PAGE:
This British brand is paying people to reject Black Friday this year (yes, really)

Written by Naomi May

Sustainable T-shirt company Teemill is paying people to return its clothes to them in order to reverse the consumerist wave of Black Friday. 

Ahead of the arrival of the most wonderful time of the year comes, arguably, one of the less wonderful times of the year, at least in the eyes of sustainable fashion stakeholders.

Black Friday, which takes place on or over the weekend of 25 November – the Friday after the American holiday of Thanksgiving – refers to the period each year when retailers offer a range of highly promoted sales. What began as an American tradition has now spread its wings to British shores, and last year alone, the UK was reported to have spent £9.4 billion over the course of the Black Friday weekend. 

In a bid to counter the excessive and overly consumerist nature of the annual event, Teemill is encouraging its customers to return its products to them, in exchange for £5 credit to spend on future purchases.

Black Friday 2022 is expected to create a spike in sales for brands.

The company is able to offer the initiative through its Remill process, through which they create new pieces by regenerating old collections. Remill has, according to the brand, diverted 30,000kg of organic cotton from going to landfill, saving both 1 million kg of CO2 emissions and 586 million litres of water.

“Black Friday is a symptom of how waste has been woven into the way our world works,” Teemill co-founder Mart Drake-Knight says. “Products have been designed to be thrown away, meaning the only way to create growth is to make and sell more products and create more waste. It fuels climate change and destroys nature. We built Teemill to solve that issue.”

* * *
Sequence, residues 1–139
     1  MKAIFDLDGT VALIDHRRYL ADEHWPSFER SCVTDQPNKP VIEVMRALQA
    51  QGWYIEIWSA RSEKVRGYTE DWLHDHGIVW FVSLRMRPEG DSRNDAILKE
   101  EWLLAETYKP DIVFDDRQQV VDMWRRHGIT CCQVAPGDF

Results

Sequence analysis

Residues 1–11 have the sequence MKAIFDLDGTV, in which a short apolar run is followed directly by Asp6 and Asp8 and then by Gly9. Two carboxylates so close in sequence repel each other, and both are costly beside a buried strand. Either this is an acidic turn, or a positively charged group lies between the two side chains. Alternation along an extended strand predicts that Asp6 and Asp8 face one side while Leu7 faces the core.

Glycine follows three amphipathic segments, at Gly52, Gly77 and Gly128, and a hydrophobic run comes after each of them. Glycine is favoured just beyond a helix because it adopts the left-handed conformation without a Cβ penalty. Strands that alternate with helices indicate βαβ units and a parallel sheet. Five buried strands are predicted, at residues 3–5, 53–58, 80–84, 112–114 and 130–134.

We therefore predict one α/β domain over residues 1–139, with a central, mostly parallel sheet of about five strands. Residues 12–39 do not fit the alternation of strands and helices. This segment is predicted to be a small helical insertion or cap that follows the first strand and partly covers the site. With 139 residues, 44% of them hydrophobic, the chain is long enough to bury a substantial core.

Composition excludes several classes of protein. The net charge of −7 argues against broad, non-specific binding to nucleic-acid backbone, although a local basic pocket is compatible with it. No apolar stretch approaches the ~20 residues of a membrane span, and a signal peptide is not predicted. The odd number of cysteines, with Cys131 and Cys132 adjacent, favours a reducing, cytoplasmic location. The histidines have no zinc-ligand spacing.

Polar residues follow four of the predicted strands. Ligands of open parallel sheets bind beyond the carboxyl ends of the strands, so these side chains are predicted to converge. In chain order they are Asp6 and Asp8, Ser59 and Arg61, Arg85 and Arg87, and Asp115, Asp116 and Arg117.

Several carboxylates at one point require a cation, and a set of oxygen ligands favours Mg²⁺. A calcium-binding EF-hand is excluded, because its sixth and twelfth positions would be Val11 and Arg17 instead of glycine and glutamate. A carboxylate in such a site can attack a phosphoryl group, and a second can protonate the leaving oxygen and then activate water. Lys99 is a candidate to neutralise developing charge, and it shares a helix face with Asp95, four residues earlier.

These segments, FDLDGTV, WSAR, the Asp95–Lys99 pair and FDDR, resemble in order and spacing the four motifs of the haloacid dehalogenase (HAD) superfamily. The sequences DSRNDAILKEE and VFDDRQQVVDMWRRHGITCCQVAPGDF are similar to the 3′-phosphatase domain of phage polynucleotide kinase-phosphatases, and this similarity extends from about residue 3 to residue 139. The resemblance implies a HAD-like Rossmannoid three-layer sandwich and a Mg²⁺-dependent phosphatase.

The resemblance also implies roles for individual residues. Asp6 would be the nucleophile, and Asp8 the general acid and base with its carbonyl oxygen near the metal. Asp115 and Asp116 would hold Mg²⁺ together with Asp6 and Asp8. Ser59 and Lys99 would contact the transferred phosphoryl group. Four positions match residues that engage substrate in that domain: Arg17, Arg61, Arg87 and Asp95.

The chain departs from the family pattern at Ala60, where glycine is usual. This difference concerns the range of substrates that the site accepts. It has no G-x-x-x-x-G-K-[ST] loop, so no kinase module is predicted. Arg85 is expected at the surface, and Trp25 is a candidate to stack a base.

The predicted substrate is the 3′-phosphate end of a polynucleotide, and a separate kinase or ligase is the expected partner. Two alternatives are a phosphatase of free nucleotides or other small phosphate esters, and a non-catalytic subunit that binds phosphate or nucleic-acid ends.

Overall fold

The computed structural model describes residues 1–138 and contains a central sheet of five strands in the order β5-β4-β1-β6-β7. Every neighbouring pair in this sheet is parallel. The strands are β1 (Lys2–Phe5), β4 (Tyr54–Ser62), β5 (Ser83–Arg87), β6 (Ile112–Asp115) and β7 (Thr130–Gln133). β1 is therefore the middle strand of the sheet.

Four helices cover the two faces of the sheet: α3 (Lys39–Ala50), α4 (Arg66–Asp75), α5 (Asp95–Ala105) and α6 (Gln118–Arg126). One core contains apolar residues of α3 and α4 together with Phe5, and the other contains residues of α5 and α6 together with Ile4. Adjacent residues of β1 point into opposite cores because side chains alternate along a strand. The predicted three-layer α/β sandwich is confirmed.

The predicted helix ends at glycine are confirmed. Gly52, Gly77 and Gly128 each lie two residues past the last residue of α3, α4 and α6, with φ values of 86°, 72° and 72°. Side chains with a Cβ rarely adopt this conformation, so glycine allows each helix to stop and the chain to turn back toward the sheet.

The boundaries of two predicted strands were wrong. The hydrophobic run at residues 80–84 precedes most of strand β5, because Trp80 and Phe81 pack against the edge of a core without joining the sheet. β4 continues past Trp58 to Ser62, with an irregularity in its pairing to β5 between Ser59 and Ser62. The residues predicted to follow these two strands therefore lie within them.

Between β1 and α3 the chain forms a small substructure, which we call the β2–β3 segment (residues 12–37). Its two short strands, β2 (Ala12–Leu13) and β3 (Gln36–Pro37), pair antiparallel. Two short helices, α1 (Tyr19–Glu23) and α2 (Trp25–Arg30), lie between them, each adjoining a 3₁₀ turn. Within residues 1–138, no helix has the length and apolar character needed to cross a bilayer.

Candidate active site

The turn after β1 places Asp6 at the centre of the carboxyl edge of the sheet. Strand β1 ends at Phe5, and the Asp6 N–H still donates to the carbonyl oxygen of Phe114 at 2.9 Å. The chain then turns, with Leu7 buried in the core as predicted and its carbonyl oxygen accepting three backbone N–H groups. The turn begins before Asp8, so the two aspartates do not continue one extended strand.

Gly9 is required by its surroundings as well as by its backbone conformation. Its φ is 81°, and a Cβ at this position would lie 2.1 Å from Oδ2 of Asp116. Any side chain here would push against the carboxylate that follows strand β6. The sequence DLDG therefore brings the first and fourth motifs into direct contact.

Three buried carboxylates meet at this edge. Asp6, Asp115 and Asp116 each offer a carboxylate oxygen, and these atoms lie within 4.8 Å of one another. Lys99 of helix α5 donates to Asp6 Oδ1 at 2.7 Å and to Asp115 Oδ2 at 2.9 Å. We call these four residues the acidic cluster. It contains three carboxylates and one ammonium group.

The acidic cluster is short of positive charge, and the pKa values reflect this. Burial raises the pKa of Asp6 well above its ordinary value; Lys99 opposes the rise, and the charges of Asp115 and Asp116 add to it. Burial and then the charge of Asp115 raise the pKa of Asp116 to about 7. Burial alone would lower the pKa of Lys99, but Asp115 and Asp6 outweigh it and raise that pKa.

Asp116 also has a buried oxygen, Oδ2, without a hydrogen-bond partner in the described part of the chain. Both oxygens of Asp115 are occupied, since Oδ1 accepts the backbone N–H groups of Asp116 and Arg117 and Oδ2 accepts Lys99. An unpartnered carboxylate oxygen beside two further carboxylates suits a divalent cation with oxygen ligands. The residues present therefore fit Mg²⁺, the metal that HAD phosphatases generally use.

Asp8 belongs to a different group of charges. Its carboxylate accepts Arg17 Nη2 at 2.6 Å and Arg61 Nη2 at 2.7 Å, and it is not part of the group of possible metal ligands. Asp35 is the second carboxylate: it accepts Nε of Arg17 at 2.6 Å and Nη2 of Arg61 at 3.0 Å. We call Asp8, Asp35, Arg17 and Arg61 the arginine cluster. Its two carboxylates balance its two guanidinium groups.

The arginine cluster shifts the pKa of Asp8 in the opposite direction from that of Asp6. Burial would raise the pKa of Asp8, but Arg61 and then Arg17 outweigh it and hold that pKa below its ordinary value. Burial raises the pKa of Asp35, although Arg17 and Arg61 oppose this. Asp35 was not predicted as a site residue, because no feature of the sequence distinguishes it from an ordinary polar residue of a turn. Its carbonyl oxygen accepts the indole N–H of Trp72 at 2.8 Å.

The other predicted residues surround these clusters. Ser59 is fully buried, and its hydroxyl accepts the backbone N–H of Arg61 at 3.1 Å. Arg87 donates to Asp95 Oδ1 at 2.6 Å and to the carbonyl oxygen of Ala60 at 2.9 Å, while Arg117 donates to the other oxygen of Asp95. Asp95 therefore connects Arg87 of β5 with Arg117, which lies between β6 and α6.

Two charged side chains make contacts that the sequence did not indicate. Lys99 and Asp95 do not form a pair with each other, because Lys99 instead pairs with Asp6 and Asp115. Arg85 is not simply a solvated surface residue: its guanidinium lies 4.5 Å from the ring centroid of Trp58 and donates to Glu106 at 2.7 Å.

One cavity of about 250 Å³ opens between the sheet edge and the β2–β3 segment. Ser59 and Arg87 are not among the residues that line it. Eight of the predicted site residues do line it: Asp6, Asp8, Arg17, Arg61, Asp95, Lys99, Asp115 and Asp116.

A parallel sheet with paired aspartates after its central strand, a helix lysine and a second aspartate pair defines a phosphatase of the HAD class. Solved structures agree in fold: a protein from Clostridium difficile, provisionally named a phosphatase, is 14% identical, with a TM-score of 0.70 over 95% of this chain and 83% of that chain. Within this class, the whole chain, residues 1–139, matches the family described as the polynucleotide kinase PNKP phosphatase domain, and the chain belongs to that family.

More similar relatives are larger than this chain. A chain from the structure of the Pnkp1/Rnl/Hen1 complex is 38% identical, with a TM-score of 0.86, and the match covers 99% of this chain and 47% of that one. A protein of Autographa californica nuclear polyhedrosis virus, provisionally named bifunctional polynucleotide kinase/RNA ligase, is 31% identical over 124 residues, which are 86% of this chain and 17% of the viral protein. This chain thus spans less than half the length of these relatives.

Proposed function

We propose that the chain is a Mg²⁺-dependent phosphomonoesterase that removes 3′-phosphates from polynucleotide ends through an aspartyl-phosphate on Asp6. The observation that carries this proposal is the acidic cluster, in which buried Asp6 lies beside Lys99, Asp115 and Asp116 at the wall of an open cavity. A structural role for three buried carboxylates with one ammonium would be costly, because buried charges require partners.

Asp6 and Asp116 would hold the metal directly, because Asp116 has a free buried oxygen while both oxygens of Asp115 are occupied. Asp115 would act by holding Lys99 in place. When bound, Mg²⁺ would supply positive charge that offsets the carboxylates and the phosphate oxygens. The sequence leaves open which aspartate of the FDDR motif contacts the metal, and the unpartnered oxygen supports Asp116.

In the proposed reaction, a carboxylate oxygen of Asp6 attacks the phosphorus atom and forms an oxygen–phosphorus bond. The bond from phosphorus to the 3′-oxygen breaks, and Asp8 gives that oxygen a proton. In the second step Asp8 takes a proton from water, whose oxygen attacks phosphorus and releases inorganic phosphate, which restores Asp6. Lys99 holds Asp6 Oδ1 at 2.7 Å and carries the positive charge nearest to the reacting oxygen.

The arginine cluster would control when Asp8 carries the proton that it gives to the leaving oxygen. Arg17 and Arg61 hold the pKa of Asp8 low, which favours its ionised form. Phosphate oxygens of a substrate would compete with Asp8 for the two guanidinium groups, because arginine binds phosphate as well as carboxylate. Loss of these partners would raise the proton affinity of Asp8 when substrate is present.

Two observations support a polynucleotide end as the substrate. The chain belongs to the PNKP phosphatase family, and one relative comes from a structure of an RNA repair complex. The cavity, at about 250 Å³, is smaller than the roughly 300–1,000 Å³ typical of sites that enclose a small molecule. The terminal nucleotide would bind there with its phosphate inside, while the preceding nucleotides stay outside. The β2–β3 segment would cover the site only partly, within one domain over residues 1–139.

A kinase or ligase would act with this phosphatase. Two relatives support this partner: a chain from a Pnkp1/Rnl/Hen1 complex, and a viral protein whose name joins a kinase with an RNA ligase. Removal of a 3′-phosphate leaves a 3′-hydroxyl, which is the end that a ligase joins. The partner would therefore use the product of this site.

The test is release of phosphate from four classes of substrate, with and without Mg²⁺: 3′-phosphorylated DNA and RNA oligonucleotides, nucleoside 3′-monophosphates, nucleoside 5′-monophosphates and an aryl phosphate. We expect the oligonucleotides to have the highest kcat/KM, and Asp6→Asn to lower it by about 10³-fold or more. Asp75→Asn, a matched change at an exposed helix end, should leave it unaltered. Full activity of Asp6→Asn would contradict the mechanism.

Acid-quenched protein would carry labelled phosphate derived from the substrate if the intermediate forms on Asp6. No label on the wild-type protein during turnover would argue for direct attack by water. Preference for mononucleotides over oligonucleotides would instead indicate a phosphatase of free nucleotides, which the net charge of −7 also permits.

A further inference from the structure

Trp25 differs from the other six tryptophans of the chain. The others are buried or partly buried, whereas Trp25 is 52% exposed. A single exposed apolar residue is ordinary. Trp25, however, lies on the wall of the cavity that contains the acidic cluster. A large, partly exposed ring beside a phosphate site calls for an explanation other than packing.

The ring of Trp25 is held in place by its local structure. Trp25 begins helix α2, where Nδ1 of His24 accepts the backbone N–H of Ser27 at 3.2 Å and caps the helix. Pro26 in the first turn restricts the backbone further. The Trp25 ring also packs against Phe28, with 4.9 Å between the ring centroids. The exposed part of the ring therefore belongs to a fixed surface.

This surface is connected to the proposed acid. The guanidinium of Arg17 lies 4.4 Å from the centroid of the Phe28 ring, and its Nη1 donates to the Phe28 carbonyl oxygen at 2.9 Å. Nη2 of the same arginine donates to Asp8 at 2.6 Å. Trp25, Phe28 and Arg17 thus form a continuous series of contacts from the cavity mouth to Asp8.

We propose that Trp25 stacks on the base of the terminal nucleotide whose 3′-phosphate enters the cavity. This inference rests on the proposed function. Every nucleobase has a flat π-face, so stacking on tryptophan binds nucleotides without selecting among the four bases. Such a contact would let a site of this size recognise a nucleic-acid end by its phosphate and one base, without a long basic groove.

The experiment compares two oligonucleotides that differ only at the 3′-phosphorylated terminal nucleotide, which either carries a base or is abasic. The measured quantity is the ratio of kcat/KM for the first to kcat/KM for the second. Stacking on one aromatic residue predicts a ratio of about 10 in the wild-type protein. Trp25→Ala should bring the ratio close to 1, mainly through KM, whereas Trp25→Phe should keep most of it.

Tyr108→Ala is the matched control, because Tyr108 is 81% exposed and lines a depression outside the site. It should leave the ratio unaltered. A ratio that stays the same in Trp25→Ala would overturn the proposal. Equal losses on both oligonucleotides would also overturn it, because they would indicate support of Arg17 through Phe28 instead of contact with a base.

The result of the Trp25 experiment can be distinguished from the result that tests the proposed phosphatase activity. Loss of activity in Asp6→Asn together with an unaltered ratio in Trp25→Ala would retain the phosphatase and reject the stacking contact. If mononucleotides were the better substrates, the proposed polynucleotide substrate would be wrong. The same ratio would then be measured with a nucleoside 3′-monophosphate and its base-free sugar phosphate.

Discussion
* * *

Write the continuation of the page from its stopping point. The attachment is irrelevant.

Teemill is paying customers to return its old products to the business in return for money.

The move from Teemill, which has produced T-shirts for Bella Freud and Vivienne Westwood among others, comes ahead of this year’s Black Friday, which will, once again, produce highly lucrative sales for brands across the country.

Teemill was founded in 2009 and in the years since has established a circular business model that enables burgeoning brands to effectively create and produce conscious collections. Essentially, it has streamlined the conscious fashion cycle, and in 2019, it launched its first circular collection based on regenerative cotton. The brand’s goal is to have regenerated 100 million items as part of its Remill initiative by 2027.

Images: Getty, Teemill

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